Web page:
My friends and fiancé have been crucial as my support system. Through my work to understand my self and how I am a product of my experiences and my anxiety disorder, I have slowly but surely started to learn how to talk about this piece of me.

The next time you people watch, the next time you meet that extroverted person who seems like she’s got it all together, the next time you see or think someone might be struggling, the next time you are annoyed by that person who seems endlessly perky, remember that they too might suffer with their mental health–more than you could possibly imagine.

So, participate in the conversation, own your imperfections and struggles, and always always remember to breathe.

The light in me acknowledges the light in all of you.

The Mindfulness of Exercise

I creak open the heavy door into the small and smelly room. I take a mental count of who has joined me in this soon to be sweaty battle of man (or woman) vs machine.

I climb onto the beast and am met face-to-face with a panel full of choices. Do I want “training”? Do I want “fat burn”? Do I want “keep going until you throw up or die”? Oh wait, that’s not a choice.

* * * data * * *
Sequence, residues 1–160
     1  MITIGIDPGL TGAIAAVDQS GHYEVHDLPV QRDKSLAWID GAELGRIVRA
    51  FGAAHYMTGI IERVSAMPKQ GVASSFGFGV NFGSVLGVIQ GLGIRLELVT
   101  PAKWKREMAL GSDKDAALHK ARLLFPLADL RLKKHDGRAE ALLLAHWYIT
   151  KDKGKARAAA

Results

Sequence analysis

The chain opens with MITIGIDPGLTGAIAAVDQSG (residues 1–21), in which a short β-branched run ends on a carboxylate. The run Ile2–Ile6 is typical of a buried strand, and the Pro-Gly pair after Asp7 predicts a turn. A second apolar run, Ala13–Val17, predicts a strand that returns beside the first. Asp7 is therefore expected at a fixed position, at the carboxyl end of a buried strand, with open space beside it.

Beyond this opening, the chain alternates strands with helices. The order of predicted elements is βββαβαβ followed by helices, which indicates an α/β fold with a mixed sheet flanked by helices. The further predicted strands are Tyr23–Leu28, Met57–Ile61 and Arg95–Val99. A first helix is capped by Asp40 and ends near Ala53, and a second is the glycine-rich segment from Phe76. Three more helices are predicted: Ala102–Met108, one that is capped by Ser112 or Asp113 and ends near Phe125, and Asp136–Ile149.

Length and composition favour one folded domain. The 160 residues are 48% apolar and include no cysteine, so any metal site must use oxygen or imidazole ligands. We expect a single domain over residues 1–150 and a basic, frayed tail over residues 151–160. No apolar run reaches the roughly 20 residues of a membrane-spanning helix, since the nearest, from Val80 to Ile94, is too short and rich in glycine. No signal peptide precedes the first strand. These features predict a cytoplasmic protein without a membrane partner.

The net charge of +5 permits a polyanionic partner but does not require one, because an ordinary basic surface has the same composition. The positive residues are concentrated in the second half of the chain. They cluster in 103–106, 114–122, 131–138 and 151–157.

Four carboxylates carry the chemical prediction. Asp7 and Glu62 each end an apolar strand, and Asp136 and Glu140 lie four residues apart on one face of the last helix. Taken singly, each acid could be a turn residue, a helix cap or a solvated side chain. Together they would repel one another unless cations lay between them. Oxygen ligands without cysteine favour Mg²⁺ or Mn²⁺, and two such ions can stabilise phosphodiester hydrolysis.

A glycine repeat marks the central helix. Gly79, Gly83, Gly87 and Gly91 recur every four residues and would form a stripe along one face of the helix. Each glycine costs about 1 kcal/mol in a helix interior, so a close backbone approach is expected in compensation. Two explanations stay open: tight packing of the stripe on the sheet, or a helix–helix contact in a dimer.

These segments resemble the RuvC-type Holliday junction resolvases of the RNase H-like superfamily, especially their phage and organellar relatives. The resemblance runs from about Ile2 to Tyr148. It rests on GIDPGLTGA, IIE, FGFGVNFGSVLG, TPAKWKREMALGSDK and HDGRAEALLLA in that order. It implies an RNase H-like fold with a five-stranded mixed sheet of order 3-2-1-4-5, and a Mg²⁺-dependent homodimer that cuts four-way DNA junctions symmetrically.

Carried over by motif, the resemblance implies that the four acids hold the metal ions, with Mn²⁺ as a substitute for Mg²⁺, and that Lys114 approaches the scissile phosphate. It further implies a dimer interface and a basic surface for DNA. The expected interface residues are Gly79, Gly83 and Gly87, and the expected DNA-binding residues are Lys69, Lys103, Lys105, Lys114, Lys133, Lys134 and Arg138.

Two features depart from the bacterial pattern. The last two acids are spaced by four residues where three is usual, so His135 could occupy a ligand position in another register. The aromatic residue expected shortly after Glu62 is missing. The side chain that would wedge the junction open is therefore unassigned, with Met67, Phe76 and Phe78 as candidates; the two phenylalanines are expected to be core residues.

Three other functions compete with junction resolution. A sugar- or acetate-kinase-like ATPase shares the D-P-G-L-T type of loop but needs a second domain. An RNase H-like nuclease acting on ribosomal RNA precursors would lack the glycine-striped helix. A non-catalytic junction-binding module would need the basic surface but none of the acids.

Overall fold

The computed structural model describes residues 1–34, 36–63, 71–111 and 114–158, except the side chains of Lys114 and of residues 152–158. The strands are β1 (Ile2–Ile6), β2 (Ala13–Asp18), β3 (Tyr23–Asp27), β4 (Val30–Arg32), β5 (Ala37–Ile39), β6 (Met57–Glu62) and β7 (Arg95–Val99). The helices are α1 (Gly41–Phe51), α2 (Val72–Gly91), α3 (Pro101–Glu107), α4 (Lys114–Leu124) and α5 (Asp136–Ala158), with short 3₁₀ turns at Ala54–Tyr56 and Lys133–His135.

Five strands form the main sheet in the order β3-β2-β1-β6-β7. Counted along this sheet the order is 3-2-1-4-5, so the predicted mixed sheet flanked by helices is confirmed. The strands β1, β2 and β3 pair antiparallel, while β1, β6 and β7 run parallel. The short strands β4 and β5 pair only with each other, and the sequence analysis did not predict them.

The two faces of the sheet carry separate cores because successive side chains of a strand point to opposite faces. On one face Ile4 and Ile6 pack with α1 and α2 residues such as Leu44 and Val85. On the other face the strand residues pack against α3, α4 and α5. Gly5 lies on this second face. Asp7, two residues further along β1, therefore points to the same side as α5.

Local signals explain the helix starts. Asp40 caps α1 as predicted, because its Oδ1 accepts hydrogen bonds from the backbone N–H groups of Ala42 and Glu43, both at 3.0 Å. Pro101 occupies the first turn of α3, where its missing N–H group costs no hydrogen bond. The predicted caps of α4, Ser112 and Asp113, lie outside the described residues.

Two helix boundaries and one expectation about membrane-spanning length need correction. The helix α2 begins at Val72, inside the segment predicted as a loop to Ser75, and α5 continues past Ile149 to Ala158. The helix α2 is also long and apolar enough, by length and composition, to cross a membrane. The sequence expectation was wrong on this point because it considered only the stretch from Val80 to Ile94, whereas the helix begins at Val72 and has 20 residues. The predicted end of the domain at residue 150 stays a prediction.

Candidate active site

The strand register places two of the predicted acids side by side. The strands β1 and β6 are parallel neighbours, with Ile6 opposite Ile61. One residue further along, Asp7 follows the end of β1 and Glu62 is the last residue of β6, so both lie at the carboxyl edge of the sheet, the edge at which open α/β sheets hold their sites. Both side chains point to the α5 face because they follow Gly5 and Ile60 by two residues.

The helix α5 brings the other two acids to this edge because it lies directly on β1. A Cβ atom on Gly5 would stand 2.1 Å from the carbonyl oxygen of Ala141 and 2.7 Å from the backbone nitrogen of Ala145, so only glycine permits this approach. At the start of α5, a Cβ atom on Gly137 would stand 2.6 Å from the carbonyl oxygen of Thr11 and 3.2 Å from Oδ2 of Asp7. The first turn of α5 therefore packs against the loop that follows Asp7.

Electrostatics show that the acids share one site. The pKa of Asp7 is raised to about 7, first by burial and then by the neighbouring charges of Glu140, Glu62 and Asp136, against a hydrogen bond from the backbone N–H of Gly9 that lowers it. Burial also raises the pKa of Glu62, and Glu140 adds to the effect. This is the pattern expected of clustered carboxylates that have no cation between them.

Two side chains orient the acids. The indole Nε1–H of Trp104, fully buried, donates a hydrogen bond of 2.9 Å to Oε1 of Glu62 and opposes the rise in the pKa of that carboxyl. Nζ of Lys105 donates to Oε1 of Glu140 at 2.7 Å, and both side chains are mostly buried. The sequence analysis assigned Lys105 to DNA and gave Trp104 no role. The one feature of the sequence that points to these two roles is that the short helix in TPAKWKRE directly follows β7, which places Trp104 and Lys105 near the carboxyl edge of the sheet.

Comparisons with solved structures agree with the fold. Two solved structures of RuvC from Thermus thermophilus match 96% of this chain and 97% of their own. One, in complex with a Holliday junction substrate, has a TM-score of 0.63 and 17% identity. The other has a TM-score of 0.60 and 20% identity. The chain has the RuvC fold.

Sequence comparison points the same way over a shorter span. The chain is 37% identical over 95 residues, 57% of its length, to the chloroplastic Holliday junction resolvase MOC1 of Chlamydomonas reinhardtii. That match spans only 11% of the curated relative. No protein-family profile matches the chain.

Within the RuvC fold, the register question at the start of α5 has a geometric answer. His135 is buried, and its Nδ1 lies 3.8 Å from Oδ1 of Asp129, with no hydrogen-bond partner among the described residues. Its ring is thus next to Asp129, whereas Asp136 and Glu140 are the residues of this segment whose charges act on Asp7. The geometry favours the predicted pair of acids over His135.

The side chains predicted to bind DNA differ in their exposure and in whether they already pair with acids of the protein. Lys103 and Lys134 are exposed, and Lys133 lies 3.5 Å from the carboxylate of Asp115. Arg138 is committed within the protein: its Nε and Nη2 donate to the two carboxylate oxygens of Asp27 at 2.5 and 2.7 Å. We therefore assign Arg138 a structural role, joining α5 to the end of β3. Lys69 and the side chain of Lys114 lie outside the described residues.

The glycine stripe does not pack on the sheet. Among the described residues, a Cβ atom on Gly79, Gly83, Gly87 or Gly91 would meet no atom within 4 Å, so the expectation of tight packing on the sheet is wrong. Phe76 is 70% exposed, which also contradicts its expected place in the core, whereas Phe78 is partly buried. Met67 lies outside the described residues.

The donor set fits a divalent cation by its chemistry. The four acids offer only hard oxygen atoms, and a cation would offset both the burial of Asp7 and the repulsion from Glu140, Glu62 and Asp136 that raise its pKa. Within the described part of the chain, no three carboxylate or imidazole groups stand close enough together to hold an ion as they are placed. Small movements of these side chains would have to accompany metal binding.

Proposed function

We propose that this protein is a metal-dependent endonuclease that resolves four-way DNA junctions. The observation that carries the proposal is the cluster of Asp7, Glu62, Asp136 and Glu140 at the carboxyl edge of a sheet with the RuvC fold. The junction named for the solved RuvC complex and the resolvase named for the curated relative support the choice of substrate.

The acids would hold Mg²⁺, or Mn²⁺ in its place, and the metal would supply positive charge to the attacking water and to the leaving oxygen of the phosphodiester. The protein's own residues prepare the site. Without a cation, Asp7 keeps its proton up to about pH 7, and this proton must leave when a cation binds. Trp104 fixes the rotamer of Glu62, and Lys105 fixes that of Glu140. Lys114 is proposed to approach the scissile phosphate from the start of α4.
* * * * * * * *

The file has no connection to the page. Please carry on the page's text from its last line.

I begin a slow walk to warm up. The sound of my “drop-a-beat” workout playlist starts to mirror my increasing heart rate. Reverberating louder and louder in my ears as I pick up speed.

I press the “increase speed” button with my index finger. Beep! Beep! Beep!  I arbitrarily pick a speed that (hopefully) won’t send me flying against the opposite wall.

This is it. I am now in it for the long haul. The long haul being at least 30 minutes.

I try and control my breathing, huffing and puffing feeling things moving that I wish wouldn’t. My legs feel strong, my arms pump rhythmically as I feel the belt move in circles underneath my feet.